Are You Riding on That New Liver Train? Get Tested!

Did you know there are more than 100 different types of liver disease? Also, that the liver is the second largest organ in the body? Both are true. Most people are familiar with one type of liver disease—cirrhosis, which is predominantly caused by alcoholism and/or hepatitis C.

So that leaves 99 others…

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Talk about 99 problems. Source:

Pare that down to 98 different liver diseases because we’re about to talk about the kind of fatty liver that isn’t caused by drinking alcohol, or contracting hep C. We’re talking about non-alcoholic steatohepatitis, also called NASH, and it’s on board to become the most common cause of liver transplants by the year 2020.

The liver plays a vital role in keeping us alive. It’s like the gatekeeper in that nothing, and I do mean NOTHING gets past it.

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It’s the Gandalf of organs. Source:

The liver processes foods and liquids and turns them into nutrients the body can use. It also removes toxic substances from the body. When scarring occurs, the liver begins to malfunction.

Some people develop NASH because of high cholesterol, while diabetes and obesity are also thought to play a role. For others, there is no known cause. And like hepatitis C, there are no real symptoms until the damage is done.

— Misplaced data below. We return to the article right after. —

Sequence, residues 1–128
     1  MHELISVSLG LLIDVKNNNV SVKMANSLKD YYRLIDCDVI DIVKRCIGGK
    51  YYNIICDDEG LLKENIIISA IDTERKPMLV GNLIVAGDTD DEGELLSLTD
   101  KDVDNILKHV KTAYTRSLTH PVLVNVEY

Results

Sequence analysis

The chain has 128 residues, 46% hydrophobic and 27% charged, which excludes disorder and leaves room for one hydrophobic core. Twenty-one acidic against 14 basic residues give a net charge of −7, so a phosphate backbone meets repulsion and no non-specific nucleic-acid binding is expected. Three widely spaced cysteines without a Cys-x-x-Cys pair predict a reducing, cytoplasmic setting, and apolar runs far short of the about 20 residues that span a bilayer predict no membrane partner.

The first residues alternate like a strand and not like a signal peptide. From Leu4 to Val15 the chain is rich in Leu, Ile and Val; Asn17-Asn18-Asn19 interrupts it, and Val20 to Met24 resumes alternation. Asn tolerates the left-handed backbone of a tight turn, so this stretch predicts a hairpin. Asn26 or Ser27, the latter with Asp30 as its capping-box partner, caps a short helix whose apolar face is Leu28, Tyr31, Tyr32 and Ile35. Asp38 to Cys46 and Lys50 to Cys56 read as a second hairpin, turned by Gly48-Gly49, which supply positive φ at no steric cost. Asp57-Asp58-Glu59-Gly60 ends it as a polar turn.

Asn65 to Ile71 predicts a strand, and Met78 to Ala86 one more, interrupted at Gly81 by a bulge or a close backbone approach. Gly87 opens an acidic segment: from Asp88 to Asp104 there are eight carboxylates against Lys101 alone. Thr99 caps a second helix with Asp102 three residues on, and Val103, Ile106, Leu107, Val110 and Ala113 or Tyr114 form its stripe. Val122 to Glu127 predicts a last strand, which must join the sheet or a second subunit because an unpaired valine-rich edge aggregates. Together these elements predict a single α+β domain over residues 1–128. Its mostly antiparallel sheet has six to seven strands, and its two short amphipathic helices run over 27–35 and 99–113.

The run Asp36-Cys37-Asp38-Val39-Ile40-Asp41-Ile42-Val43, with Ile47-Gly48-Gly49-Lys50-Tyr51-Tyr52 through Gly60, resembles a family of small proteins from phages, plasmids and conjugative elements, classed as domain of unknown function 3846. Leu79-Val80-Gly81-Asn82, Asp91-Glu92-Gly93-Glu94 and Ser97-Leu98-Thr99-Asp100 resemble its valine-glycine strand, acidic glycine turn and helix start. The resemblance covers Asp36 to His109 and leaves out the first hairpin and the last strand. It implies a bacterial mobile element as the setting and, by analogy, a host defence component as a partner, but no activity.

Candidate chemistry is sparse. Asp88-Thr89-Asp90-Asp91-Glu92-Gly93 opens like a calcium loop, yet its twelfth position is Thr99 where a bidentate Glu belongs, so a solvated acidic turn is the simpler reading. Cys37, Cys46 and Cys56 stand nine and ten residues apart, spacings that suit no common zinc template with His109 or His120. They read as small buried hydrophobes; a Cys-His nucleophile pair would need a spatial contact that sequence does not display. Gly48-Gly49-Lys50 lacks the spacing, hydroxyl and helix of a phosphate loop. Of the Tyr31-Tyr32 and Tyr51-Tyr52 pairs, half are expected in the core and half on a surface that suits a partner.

Fortunately, a simple blood test is being developed that will detect NASH in its early stages, when medical intervention is most likely going to help.

Great inroads have been made regarding the treatment of hep C, and the US Veterans Administration has been actively reaching out to Vietnam vets, many of whom were infected during their service years. And now scientists are tackling NASH.

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That would only leave 98 liver diseases to go as far as finding cures. I’m hopeful that the next 10 years will show progress in detecting and treating liver diseases.

Erica Zahn

Erica Zahn

Erica Zahn is passionate about raising awareness of rare diseases and disorders and helping people connect with the resources that may ease their journey. Erica has been a caregiver, and is a patient, herself, so she completely relates to the rare disease community--on a deeply personal level.

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